In order to identify complete ensemble of alpha satellite HORs in a given DNA sequence we extended GRM algorithm with introduction of a novel algorithm ALPHAsub (Methods) to identify positions of all alpha satellite arrays (regardless weather of HOR type or nonHOR type) in DNA sequence. In this way we determine contigs in which alpha satellite arrays are located, i.e., to each alpha satellite array the corresponding contig is assigned. Then we apply GRM to each of these contigs. The GRM analysis of contigs containing alpha satellite nmer HOR provides a sizably more pronounced peak at position 171·n bp, than the GRM analysis of the whole genome, because the noise due to other repeats is sizably smaller for a contig than for the whole chromosome. In this way it is straightforward to determine whether the alpha satellite array is HOR.

The GRM peak corresponding to 33mer in GRM diagram for the whole chromosome 21 is small, but visible at 5639 bp in the magnified segment of HOR diagram. On the other hand, the 5639 bp peak of 33mer HOR is sizeable in GRM diagram for contigs NT_187321.1, in which the 33mer HOR is, located (Fig. 2b). The length of a 33mer HOR copy is ~33 × 0.171 kb ~5.6 kb.

Schematic presentation of aligned monomer structure of 33mer HOR array is presented in Fig. 3a. This HOR array has very regular structure; it’s all four HOR copies are complete. Using GRM, the DNA sequences of 33mer HOR copies are determined from hg38 for human chromosome 21 and the consensus sequence was determined (Supplementary Table S1). The average divergence among monomers within the 33mer consensus HOR is 19%, and divergence between 33mer HOR copies in HOR array is 5%. The 23mer HOR starting at the chromosome position 7,968,750, far from the centromeric region, has reversed monomers with respect to the other ten HORs. This 23mer HOR array consists of 20 HOR copies. Schematic presentation of aligned monomer structure of 23mer HOR (reverse) array is presented in Fig. 3b.

Figure 3
figure 3

Schematic presentation of aligned monomer structure of 33mer HOR and 23mer HOR (reverse) arrays in human chromosome 21. (a) 33mer (4 complete HOR copies). Top: enumeration of columns corresponding to 33 constituent consensus monomers (Nos. 1 to 33, enumeration of every fifth monomer is displayed). Each of the four 33mer HOR copies (denoted hi, i = 1, 2, 3, 4) is presented by 33 bars in the ith row. Each monomer of the same type (from consensus HOR) in different HOR copies is presented by a bar in the same column, corresponding to monomer enumeration at the top. (b) 23mer with reverse monomers (20 HOR copies). Each of the twenty 23mer HOR copies (denoted hi, i = 1, 2, … 20) is presented by 23 bars in the ith row.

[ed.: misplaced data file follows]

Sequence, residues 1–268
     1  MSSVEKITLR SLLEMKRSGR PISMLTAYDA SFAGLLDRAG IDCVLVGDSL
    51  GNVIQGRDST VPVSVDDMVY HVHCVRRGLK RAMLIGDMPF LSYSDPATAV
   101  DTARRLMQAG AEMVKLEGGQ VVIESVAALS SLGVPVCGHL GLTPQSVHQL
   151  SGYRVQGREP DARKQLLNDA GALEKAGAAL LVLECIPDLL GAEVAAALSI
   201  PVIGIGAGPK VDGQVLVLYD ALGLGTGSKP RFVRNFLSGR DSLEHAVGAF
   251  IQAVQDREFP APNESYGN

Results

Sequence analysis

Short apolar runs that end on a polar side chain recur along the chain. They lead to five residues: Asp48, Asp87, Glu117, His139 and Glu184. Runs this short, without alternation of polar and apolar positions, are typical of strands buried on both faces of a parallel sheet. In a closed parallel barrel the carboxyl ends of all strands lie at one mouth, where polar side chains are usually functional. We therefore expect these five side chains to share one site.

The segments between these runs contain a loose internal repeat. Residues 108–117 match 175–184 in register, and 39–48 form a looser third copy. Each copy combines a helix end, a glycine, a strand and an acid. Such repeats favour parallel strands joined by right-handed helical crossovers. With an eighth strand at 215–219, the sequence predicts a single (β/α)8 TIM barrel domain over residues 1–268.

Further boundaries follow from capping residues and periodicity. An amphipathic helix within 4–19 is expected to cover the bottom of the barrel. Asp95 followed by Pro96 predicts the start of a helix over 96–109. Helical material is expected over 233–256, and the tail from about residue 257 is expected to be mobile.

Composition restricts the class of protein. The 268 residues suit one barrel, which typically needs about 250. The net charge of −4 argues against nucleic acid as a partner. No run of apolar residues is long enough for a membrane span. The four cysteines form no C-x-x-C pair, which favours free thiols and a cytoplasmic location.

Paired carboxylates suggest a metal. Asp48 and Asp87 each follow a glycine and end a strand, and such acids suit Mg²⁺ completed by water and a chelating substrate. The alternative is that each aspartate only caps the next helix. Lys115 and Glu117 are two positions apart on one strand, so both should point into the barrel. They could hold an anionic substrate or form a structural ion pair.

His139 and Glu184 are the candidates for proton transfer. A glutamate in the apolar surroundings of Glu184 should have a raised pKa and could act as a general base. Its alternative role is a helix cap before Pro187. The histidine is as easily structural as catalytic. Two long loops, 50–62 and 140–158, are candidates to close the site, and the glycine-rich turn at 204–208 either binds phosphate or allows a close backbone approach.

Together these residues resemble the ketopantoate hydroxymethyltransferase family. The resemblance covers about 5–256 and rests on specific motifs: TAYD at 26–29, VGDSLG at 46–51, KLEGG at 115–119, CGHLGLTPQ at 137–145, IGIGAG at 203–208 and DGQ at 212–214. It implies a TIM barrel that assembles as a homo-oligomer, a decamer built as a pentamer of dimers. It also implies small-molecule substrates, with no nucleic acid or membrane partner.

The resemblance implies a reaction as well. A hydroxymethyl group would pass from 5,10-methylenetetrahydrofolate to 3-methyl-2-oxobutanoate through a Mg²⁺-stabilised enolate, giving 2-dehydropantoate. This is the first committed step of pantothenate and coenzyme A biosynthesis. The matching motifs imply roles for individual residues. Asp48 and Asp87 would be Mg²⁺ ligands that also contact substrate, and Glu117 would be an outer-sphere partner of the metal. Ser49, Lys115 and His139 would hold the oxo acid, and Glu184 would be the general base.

Additionally, for each identified alpha satellite array we computed the corresponding dot-matrix diagrams to determine whether it has a HOR structure. The dot-matrix for 33mer HOR in human chromosome 21 is shown in Fig. 4a. The HOR pattern is characterized by diagonal lines at the spacing of n = 33 monomers, parallel to the self-diagonal. We computed dot-matrix diagrams for all high-multiple HORs in chromosome 21. For example, dot-matrix diagrams are shown for 23mer, 23mer (reverse) and 22mer HOR arrays containing 517, 448 and 371 monomers, respectively (Supplementary Fig. S4).

Figure 4
figure 4

Dot-matrix plots of 33mer HORs in four acrocentric chromosomes. (a) chromosome 21; (b) chromosome 13; (c) chromosome 14; (d) chromosome 22. Dot-matrix analyses determined the presence or absence of HOR structure using a window size of monomer length and mismatch limits ranging at ~7%. Monomers are labeled in order of appearance, displayed in matrix along the upper horizontal axis (from left to right) and along the left vertical axis (from up to down): at both axes label 1 corresponds to the first monomer in alpha satellite ensemble, label 2 to the second monomer, etc. In this way, the alpha satellite ensemble is compared with itself, giving pairwise comparisons of divergence between constituting alpha satellite monomers. Each cell in dot-matrix which represents divergence between monomers located at identical positions in different HOR copies (e.g. the second monomer in the third HOR copy on the horizontal axis and the second monomer in the fourth HOR copy on the vertical axis, etc.) correspond to relatively small divergence between monomers (here chosen below 7%) and is shown as colored dot. The other cells in dot-matrix correspond to higher divergence (above 7%) are blank. In this way, for each HOR array the dot-matrix diagram is obtained as a set of equidistant diagonal lines at spacing equal to the number of monomers in HOR unit (n = 33), parallel to the self-diagonal.